There are multiple studies in humans showing that dark chocolate has powerful health benefits… including improved blood flow, a lower blood pressure, reduced oxidized LDL and improved brain function.
One study found that people who consumed chocolate 5+ times per week had a 57% lower risk of heart disease.
Given that heart disease is the most common cause of death in the world, this finding could have implications for millions of people.
Make sure to get dark chocolate with a 70% cocoa content, at least. The best ones contain 85% cocoa or higher.
Eating a small square of quality dark chocolate every day may be one of the best ways to “supplement” your diet with additional antioxidants.

12. Watercress

A cool fact about watercress was discovered in a two year study conducted at the University of Ulster: the researchers concluded that daily consumption of watercress helped to significantly reduce DNA damage to blood cells and further to resist DNA damage caused by free radicals. Watercress is rich in vitamins A, C, and K, and phytonutrients like isothiocyanates and gluconasturtiin. The latter two strengthen bones, reduce neuronal damage, protect against infection, maintain good connective tissue, and prevent iron deficiency .

13. Spinach

This leafy green is high in niacin and zinc, as well as protein, fiber, vitamins A, C, E and K, thiamin, vitamin B6, folate, calcium, iron, magnesium, phosphorus, potassium, copper, and manganese, all of which are good for your body! With all of these flavonoids and antioxidants,it’s no surprise that spinach has been found to maintain vigorous brain function, memory and mental clarity.

14. Brussels Sprouts

Steamed Brussels sprouts contain cholesterol lowering benefits because of their high fiber content and ability to bind with bile acids. Similar to watercress, these little green heads have been shown to improve the stability of DNA inside white blood cells after daily consumption (1.25 cups) of them.

15. Carrots

 A 10 year study from the Netherlands assessing the relationship between vegetables and cardiovascular disease (CVD) showed that carrots were the most prominent member of this dark orange/yellow food category. Participants who had the least carrot intake had the least amount of CVD risk reduction, even though they still received risk-reducing benefits from their carrot intake. But, those who consumed at least 25 more grams (less than ¼ of a cup) of carrots had a significantly lower risk of CVD. On top of that, the participants who ate 50- or 75-grams of carrots daily had an even more greatly reduced risk of CVD. So, make sure to eat these orange beauties daily!

16. Broccoli

Broccoli is a superior, nutrient dense cruciferous vegetable. These little trees are a good source of protein, vitamin E (alpha tocopherol), thiamin, riboflavin, pantothenic acid, calcium, iron, magnesium, phosphorus and selenium. Broccoli also has a ton of dietary fiber, vitamin A, C, K, and B6; also present in this veggie is the important nutrient folate, potassium and manganese.

17. Strawberries

When these heart shaped fruits were measured for total antioxidant based on common serving sizes, these berries ranked third among all U.S. foods including spices, seasonings, fruits, and vegetables. Strawberry support and prevent against cardiovascular disease,  improve regulation of blood sugar and decrease the risk of type 2 diabetes, and they prevent against certain cancer types including breast, cervical, colon, and esophageal cancer.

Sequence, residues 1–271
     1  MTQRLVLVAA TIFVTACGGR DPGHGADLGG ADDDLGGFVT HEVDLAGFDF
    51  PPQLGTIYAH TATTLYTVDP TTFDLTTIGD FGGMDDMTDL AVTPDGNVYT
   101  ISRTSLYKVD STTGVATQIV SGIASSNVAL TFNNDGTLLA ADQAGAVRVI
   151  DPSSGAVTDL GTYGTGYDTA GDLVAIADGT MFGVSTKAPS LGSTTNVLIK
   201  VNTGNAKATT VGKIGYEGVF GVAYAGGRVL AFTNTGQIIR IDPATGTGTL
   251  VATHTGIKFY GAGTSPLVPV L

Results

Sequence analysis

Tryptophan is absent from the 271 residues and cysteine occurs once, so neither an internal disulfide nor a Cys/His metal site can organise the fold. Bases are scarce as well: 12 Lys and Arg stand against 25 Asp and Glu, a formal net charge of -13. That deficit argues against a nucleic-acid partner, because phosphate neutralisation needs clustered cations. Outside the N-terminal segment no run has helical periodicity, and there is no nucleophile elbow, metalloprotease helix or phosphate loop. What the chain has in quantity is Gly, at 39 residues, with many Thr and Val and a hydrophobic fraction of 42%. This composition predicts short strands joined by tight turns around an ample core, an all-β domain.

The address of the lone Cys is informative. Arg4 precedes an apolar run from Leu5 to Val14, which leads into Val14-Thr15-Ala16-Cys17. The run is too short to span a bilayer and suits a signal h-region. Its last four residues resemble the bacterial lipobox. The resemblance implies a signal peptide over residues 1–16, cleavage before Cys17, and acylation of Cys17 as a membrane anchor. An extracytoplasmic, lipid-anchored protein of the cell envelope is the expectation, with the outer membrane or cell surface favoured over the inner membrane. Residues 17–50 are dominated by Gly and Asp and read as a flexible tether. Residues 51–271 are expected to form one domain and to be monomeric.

18. Plums

Plums and their dried counterparts the humble prune, increases absorption of iron in the body. This ability of plum and prune to make iron more available may be related to the vitamin C content of  this fruit which is comparably high as far as fruits go.

19. Raspberries

 Recent research (in its early stages, mind you) has shown the potential raspberries possess to improve management of obesity and fatty liver syndrome because of their phytonutrients, especially rheosmin (also called raspberry ketone).Raspberries are nutrient dense, containing vitamin C, manganese, fiber, copper, vitamin K, pantothenic acid, biotin, vitamin E, manganese, folate, omega-3 fats, and potassium.

20. Blueberries

 They are rich in antioxidants and they benefit the nervous system, possibly improving brain health and overall memory.

21. Onions

 To get the most flavonoids out of this bulbous vegetable, do not over peel it ― the flavonoids tend to be more concentrated in the outer layers of its flesh. For example, a red onion can lose about 20% of its quercetin and almost 75% of its anthocyanins if it is “overpeeled.”

22. Oranges

 Oranges have a wide range of phytonutrients, including: citrus flavanones (types of flavonoids that include the molecules hesperetin and naringenin), anthocyanins, hydroxycinnamic acids, and a variety of polyphenols. In conjunction with its high vitamin C content, the common orange is a good fruit to include in your everyday diet.

23. Flax seeds

 Flaxseeds are very rich in omega-3 fatty acids, and its primary acid is alpha-linolenic acid, or ALA. Flax seeds also contain lignans which are fiber-like compounds that provide antioxidant protection due to their structure as polyphenols. ALA and lignans may be helpful for heart disease, inflammatory bowel disease, arthritis, and other health problems.

24. Cherries

Some flavonoids and compounds that these cute red berries possess include queritrin (a potent anticancer agent), ellagic acid (a naturally occurring plant phenolic known as an anti-carcinogenic/anti-mutagenic compound), and perillyl alcohol or POH (a compound that reduces the occurrence of all types of cancer).
Consuming nutrient dense foods daily can greatly aid in maintaining or improving your overall health and well-being, so make it a priority!